EURO (from 2014)Silver and Gold Euro Coins Coin Sets, KMS 2 Euro Coin Cards 2 Euro Coins
LATS (1992-2013)Collectors Coins Lats Circulation Coins
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A man carrying a small fir-tree, a squirrel and a shining moon are in the centre of the coin. The common logo of the "European Heritage", the commemorative coin programme of the European Union, together with the inscription ZIEMASSVĒTKU EGLĪTEI 500 (500th Anniversary of Christmas Tree) are arranged in a semicircle on the left above. The numeral 1 and the inscription LATS are placed at the bottom part of the coin.
Mummers in traditional masks are depicted in the centre of the coin; the year 2009, arranged in a semicircle, is inscribed at the bottom on the right-hand side.
Inscriptions LATVIJAS BANKA (Bank of Latvia) and LATVIJAS REPUBLIKA (Republic of Latvia), separated by rhombic dots.
Among the many symbols cherished by humans, there is one held particularly dear by millions. It is the Christmas tree whose fragrance, beauty and serenity are beheld in early childhood and not forgotten for the rest of one's life. Every December, as the winter solstice and Christ's birthday approach, these trees are put up in city squares, they are used to adorn shop windows and work spaces, it is given the place of honour in people's houses. The Christmas tree helps to bring families together, it provides solace for the lonely, and makes the happy even happier.
Honouring the Christmas tree, we adorn it with colourful decorations, ribbons, and glitter, we light candles on its branches. Underneath we put presents for children, friends and family. It is celebrated with poetry, songs, and dances. And those gathered around it feel blessed with peace, love, and good thoughts.
But where does the Christmas tree tradition come from? After all, the palm frond is associated with Christ's native land. It is St. Francis of Assisi who apparently made a Nativity scene in a forest in 1222 and put lighted candles in the branches of nearby fir trees. The first ever Christmas tree in Riga, adorned with flowers, appeared at a Christmas season street carnival organised by the Blackhead brotherhood and was burnt in 1510 before Shrove Tuesday. Saying good-bye to the current year and seeing in the new one in Latvia has elements of both pagan Latvian and Christian traditions. The old solstice rituals with their masquerades have also centred around the fir tree whereas in Christianity this tree symbolises the tree of knowledge in the Garden of Eden and Christ's gift of eternal life, but the lit candles in the tree are a reflection of the light Christ brought to the world of darkness.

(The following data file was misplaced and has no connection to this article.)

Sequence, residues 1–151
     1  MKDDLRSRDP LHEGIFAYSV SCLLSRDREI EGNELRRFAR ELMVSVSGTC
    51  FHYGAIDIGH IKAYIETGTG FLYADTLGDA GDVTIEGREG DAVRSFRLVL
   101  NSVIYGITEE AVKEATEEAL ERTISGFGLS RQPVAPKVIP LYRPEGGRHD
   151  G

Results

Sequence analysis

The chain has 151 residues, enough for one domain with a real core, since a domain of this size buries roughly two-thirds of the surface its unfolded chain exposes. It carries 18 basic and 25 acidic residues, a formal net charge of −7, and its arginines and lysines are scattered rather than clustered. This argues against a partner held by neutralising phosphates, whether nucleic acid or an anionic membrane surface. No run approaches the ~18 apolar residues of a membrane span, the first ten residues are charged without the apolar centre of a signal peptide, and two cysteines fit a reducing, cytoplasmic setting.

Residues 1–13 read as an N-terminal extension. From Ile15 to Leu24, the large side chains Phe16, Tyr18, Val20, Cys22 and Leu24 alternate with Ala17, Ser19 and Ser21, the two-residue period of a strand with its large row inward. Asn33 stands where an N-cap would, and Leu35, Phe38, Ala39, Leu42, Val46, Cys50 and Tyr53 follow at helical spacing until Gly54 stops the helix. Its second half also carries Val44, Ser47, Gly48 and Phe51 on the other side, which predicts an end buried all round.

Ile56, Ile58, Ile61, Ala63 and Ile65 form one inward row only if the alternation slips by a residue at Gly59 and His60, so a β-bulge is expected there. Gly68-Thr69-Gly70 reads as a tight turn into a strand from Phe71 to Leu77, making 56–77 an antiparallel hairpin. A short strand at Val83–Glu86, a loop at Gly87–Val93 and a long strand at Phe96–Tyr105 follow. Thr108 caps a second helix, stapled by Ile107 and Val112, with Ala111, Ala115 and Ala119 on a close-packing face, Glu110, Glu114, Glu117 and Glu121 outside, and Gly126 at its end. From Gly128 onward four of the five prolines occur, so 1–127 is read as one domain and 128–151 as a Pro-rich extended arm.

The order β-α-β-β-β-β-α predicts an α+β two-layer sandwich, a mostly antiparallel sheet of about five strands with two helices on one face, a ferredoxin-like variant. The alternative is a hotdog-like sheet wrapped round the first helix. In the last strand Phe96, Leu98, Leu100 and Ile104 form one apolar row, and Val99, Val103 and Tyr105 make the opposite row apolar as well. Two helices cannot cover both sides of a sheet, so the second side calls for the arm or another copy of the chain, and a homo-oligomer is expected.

In the Christian world, the Christmas tree tradition first spread in the German lands: as early as the beginning of the 17th century it was a custom to bring home a fir tree at Christmas and decorate it with paper roses and apples. Only in the 19th century this tradition took hold in Great Britain and afterwards in the United States and elsewhere.
To many Christmas tree is something more than just a ritual object or a decoration: it is a symbol of vitality and rebirth, of uniting spiritual energy, of peace and brotherly love. These same ideas have motivated the Bank of Latvia to issue a special coin honouring the Christmas tree.